At least several hundred Syrians reportedly died and several thousands were wounded in last week’s attack. According to Doctors Without Borders — an NGO with medical personnel at facilities that received many of the casualties — the nature and sudden onset of the effects point to an attack with neurotoxins. While evidence gathering continues and no technical conclusions have yet been reached (or, at least, made public), it appears increasingly clear that the regime or elements within it ordered the attack, and that regime forces carried it out.

Chemical weapons have always been tightly controlled in Syria, including during the war. There have been no reports or indications that the regime has lost control of them or that the rebels have acquired a significant CW capability. In addition, last week’s attack coincided with conventional regime military operations against the areas struck. All of these areas were home to large Sunni populations and major rebel activity. Indeed, the regime has experienced increasing military difficulties in the Damascus region: it has been unable to clear rebel forces from the area and is facing offensive pressure there. Thus, while rebel responsibility cannot be completely ruled out, that possibility is “vanishingly small,” as British foreign secretary William Hague put it.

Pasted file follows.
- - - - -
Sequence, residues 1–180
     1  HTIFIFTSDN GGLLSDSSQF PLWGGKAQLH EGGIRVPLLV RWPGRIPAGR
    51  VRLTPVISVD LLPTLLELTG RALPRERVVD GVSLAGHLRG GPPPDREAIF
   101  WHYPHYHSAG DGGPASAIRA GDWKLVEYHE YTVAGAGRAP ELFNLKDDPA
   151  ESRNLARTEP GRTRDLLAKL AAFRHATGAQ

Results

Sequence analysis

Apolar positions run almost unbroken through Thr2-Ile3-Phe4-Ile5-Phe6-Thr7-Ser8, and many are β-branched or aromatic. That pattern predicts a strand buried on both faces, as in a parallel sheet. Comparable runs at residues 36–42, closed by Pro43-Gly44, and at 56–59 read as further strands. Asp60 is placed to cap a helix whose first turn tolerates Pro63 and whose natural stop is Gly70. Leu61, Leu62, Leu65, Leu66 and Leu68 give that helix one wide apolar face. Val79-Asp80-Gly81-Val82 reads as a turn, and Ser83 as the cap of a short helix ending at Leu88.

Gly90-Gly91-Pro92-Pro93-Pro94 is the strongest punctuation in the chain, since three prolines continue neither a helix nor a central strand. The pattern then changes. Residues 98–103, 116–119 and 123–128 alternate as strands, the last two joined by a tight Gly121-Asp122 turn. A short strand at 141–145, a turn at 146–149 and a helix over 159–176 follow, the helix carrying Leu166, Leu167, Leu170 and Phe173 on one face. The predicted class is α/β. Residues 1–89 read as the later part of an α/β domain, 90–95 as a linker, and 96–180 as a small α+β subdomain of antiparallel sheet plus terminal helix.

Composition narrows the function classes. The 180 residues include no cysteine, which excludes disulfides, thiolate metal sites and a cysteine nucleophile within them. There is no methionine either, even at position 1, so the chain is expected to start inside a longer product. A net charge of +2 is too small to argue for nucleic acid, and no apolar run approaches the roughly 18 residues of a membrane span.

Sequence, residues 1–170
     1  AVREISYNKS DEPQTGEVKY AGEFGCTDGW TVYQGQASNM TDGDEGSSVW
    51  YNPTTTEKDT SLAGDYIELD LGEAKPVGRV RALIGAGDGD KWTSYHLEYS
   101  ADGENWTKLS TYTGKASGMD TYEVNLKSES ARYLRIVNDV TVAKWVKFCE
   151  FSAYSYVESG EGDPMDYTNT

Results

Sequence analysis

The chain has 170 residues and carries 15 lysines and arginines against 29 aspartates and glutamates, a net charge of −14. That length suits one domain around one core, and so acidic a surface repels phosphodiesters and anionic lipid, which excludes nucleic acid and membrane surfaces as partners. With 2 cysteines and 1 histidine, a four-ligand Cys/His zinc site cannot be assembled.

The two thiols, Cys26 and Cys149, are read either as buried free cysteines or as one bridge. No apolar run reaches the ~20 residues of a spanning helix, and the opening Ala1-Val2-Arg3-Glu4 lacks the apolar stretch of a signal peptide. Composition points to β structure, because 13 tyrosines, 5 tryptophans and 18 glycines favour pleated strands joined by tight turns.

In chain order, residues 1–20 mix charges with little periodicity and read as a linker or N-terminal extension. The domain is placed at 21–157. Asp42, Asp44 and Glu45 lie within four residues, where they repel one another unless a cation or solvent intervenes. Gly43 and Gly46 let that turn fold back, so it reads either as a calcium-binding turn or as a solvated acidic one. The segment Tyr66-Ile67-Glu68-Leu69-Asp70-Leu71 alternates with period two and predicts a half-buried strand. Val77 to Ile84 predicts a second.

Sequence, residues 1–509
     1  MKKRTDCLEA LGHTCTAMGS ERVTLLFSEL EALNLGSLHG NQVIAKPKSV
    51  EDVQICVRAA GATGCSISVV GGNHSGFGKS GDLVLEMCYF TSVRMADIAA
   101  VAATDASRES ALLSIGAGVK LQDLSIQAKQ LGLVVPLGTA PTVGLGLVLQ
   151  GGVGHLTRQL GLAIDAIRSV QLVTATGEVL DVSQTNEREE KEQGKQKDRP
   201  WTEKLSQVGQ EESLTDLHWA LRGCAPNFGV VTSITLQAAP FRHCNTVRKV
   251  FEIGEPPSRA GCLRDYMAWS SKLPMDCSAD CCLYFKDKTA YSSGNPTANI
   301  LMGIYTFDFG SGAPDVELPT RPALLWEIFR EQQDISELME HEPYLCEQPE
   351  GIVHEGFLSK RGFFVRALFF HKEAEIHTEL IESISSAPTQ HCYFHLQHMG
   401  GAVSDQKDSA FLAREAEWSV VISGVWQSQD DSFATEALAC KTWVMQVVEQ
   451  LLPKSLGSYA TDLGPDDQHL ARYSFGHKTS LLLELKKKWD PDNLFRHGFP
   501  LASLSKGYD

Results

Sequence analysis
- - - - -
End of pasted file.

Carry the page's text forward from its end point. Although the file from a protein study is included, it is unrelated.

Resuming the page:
Any strike against Syria should have significant goals, but they do not have to be all encompassing (e.g., regime change). A “punitive” strike could be limited in scope while still having important effects on the situation.